By Nelson P. Miller
Much has been written lately, and much said, about challenges facing law’s practitioners, those who provide daily routine law services. Corporate clients complain about high and hidden costs. Individuals complain about access and affordability while bar leaders report that 80% of civil legal needs go unmet. Commentators perceive inefficiencies in the way that lawyers deliver law products and services. High costs and low access fuel calls for reform.
We need not wring hands with clients and critics, nor condemn or dispute them. Rather, their concerns direct us to important responsibilities and opportunities.
Lawyers do not study their processes like their corporate clients study theirs. Lawyers know little of project management, error rates, quality control, price transparency, and other packaging, pricing, and delivery issues. Corporate clients, whether product or service providers, make those important subjects their standard fare. Lawyers research and know law but do not use those same analytic and process skills on their own craft, leaving management, development, and process-improvement research untapped. What self-respecting lawyer talks of Malcolm Baldridge, process studies, and kaizen teams? Entire management movements skip right over law firms as lawyers continue to ply their musty craft.
Sophisticated, traditional clients get what they need and want through incremental improvements. Yet market disruption occurs at the bottom. While firms add bells and whistles to standard products and services, they overlook dominant new market entrants. Traditional products and services do not reach vast new client populations spawned by social and demographic. Underwater homeowners, aging founders transferring small family businesses to the next generation, returning servicemembers, and other new clients go without service. Traditional practices also fail to serve traditional clients in a newly global, technical, and regulatory environment. Vast numbers of parties stumble their way unrepresented through family, probate, misdemeanor, landlord-tenant, and other local courts.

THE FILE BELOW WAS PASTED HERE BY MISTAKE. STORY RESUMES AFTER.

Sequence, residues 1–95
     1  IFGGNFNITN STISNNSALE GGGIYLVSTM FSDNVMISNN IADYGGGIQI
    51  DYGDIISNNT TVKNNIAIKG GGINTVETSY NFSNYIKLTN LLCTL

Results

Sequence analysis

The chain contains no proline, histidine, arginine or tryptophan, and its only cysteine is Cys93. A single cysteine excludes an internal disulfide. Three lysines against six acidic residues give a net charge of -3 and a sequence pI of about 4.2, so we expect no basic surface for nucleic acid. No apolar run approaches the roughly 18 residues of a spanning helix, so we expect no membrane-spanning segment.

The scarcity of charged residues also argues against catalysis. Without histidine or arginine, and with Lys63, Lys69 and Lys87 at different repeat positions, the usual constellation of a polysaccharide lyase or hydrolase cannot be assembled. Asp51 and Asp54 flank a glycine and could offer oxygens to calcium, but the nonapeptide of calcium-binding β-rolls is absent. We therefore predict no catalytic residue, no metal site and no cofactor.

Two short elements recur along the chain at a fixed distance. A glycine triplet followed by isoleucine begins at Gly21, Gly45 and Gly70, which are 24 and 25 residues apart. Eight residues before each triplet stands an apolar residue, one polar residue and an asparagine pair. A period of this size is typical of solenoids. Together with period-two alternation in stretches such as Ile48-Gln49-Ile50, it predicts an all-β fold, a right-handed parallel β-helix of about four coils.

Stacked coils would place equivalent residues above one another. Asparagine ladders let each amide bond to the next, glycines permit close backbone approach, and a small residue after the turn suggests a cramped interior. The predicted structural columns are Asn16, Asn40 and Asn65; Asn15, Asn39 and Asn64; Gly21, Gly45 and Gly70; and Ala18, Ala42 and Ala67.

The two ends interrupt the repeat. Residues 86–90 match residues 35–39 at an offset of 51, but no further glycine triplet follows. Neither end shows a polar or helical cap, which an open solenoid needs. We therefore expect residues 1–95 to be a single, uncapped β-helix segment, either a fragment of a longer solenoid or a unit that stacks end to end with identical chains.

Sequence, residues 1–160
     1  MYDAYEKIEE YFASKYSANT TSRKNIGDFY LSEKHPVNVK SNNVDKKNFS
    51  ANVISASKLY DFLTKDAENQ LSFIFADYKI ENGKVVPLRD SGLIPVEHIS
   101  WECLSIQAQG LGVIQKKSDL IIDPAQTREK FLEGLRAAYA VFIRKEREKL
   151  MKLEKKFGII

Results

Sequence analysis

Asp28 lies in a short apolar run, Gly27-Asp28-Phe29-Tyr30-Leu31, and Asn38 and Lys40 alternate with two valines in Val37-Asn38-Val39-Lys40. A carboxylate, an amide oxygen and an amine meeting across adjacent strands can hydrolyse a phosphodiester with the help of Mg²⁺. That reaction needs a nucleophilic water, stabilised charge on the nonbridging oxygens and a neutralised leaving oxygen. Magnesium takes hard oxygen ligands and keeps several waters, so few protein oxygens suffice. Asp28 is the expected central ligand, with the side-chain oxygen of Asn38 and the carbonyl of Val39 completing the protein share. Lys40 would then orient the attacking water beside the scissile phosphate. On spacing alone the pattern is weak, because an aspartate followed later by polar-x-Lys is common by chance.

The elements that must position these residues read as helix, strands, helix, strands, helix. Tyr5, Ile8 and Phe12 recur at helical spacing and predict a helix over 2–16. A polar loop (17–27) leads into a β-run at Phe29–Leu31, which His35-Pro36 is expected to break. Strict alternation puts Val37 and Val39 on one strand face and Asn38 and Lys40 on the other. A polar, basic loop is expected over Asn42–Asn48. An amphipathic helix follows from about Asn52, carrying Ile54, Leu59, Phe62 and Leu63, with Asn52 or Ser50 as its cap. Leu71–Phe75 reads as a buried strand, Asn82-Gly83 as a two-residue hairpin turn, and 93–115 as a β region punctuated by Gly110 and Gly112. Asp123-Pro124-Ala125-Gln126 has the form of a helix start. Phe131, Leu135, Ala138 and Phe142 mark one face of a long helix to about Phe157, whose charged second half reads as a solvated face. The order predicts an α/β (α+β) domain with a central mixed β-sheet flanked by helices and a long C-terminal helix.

When traditional firms fail to serve growing markets, innovative firms disrupt those markets from the bottom with newly affordable law products and services. New law graduates use new management, marketing, development, systems, finance, and technology tools to construct virtual, mobile, site-based, and other innovative law practices. These savvy new lawyers simultaneously inspire instructional reform. Cooley Law School has always addressed practice through its practitioner faculty, and skills and clinical courses. The school has long offered Law Office Management. Yet the school is creating and offering additional electives focusing on the enterprise of practice. Those new Law Practice courses include Business Development, Finance for Lawyers, and Technology.
Through whatever delivery model lawyers provide their services, law practice remains essentially entrepreneurial. Effective service to clients depends not only on comprehensive knowledge, adroit skill, and solid ethics. It also depends on recognizing new client populations while designing, pricing, and delivering affordable and accessible law products and services that meet their lawful objectives. Practice involves finding the under-served and then serving them through sustainable systems. We have no reason to decry market disruption when it presents an opportunity for more and better service.